4) Parental Authority exists until marriage

Go to Numbers 30:3-15 and read. The verses here are primarily in regards to vows. If we look closer though, we can see that they also reveal something about marriage as well as parental authority.

Even though Numbers here is specifically referring to vows, it is safe to say that the larger idea of authority is being considered, if not strongly implied. If we pair what we know from Genesis that I’ve written above with these verses in Numbers, I believe we have a solid foundation to build off of.

Notice the change from verses 3-5 and verses 6-14. When a woman is married, her husband, in this case inherits all the rights of authority that her father had. This is significant because outside of a marriage relationship it shows that the dad is the one who ultimately rules the roost. He is the one responsible for his daughter, therefore he should be the one to get to decide on who she ultimately pledges herself to be married too.

It seems only logical then, since dating leads to marriage to acknowledge that a father should be involved in the decision making process when it comes to who his daughter dates. This is especially significant given that there are so many wolves, in particular wolves who look and smell like christians looking for selfish gain in a relationship. It is the father’s job to weed out these bad apples and find a suitable match that both she and her father agree on. A good first step in my opinion is sitting down with the her Father.

Common Objections

1)  What if we’re already dating?

If you still haven’t met the parents yet it’s not to late but if you have that makes it even easier. Find out what her dad thinks about you! It may be a great opportunity to build that relationship or even share Christ with them, assuming their not saved.

2) Isn’t it just a date? Why would I ask her dad?

A date and dating in my mind are two different things. You going on a date with someone is much different than you mutually pledging to not see and talk to other people while going on dates with that person. Obviously there is a line, if you go on multiple dates and don’t DTR (define the relationship) then you might wanna repent and be a little more considerate of that girls feelings but if you’re going on one date, especially in a group setting I don’t know if it’s necessary to ask her Father… Yet. Be careful with this, once you’ve made up your mind as to whether or not you’re going to pursue her exclusively at that point I think it’s wise to ask her dad. Don’t play games. Your goal isn’t to see how long you can wait before making your relationship Facebook official. If the emotions, physical chemistry and Godliness is all there then, it’s probably close to being that time or it is that time.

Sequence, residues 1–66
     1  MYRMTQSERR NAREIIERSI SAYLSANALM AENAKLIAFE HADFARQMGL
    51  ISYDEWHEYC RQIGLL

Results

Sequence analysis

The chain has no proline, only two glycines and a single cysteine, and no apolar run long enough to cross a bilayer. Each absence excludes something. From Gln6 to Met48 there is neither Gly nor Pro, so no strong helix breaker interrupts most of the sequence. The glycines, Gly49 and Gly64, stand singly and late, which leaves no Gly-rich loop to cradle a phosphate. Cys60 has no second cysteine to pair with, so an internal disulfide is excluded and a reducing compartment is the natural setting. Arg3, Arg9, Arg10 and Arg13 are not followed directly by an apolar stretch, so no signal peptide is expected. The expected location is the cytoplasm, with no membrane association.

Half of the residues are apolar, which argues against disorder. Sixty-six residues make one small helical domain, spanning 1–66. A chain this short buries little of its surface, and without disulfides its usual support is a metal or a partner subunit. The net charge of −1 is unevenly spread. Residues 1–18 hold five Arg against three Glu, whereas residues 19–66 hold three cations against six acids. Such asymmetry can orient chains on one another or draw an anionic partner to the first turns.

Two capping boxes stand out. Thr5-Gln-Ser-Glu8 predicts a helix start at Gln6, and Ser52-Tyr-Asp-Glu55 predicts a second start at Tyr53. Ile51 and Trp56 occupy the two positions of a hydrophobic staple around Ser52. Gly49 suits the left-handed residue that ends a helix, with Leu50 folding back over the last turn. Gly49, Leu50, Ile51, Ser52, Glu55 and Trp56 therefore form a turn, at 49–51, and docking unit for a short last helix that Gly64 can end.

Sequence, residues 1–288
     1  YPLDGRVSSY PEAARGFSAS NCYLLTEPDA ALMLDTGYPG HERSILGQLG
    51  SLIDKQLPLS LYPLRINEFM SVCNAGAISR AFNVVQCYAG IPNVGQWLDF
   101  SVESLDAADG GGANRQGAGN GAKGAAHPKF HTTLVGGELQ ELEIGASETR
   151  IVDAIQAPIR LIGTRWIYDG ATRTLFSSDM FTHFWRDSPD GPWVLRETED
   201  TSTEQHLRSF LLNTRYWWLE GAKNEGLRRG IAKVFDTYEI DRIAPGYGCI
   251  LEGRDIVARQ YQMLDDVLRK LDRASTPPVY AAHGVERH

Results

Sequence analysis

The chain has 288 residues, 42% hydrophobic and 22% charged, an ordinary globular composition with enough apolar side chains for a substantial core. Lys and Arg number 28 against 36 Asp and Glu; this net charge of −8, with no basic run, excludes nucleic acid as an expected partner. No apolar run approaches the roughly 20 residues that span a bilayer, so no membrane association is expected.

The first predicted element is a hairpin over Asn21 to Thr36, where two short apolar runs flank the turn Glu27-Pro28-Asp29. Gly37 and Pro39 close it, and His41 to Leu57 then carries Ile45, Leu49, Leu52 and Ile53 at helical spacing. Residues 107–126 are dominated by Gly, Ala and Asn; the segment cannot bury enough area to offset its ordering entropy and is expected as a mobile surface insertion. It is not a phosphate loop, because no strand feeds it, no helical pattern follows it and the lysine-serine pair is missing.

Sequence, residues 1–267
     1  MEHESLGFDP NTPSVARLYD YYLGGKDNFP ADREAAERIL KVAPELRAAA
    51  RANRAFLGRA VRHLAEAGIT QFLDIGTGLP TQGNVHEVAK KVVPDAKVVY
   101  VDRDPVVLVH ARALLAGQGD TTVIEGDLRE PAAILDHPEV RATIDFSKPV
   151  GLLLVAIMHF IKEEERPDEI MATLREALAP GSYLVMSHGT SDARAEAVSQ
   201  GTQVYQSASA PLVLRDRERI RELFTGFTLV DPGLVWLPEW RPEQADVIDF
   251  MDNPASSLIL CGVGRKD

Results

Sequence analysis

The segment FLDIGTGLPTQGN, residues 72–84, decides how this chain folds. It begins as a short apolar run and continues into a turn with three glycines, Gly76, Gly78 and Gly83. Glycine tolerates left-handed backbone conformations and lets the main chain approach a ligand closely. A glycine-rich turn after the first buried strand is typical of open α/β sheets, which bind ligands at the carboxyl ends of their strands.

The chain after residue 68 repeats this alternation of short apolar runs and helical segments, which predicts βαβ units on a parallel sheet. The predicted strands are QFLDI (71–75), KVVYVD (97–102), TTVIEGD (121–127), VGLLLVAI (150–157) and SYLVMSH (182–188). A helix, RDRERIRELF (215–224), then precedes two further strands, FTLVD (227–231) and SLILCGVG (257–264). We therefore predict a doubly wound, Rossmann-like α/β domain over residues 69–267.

3) My girl is independent

This argument is the most puzzling because it relies on the culture to make its argument as opposed to scripture. “My girl’s 26 and hasn’t lived with her parents for five years. Doesn’t she get to make her own decisions?”

According to the world once you’ve moved out of your parents house, you get to live and do whatever you want but the truth is that biblically, I don’t see a point where the parental authority structure is ever broken unless marriage occurs. “Therefore a man shall leave his father and his mother and hold fast to his wife, and they shall become one flesh.” (Genesis 2:24)

In other words, the age and situation of life are irrelevant. Unless a woman is married, the woman’s father still has authority over his daughter.

Theoretically she could be 40, single and running a company as a CEO and the rule would still apply, assuming her father is still alive. If this point is hard to stomach, ask yourself why you believe this. Is it because of God’s Word or the cultural standard that society has put in place?

4) What if her dad’s no longer alive

Ask the mom. Remember, it’s all about dat respect!

5) What if she doesn’t speak with her parents

I would say, be careful with this one. Gauge the situation. If she has a terrible relationship with her family because of past sins that have gone unforgiven, than maybe this is an opportunity to help bring the father and his daughter into right relationship with each other. In the rare case that the father is so distant and dis-attached, then I think the next best course of action is to go before her “spiritual father” or a mentor and ask them. A good scripture is 1 Peter 2:17 “Honor everyone.” Would it not be honorable to ask the one whom she regards as her father? Who cares if he’s not related by blood. Do not the bonds of Christ make us closer than any earthly family? Honor them. In the words of the great social philosopher Shia Lebeouf, just do it!

Hope this gets your mental gears grinding! Let the discussion begin.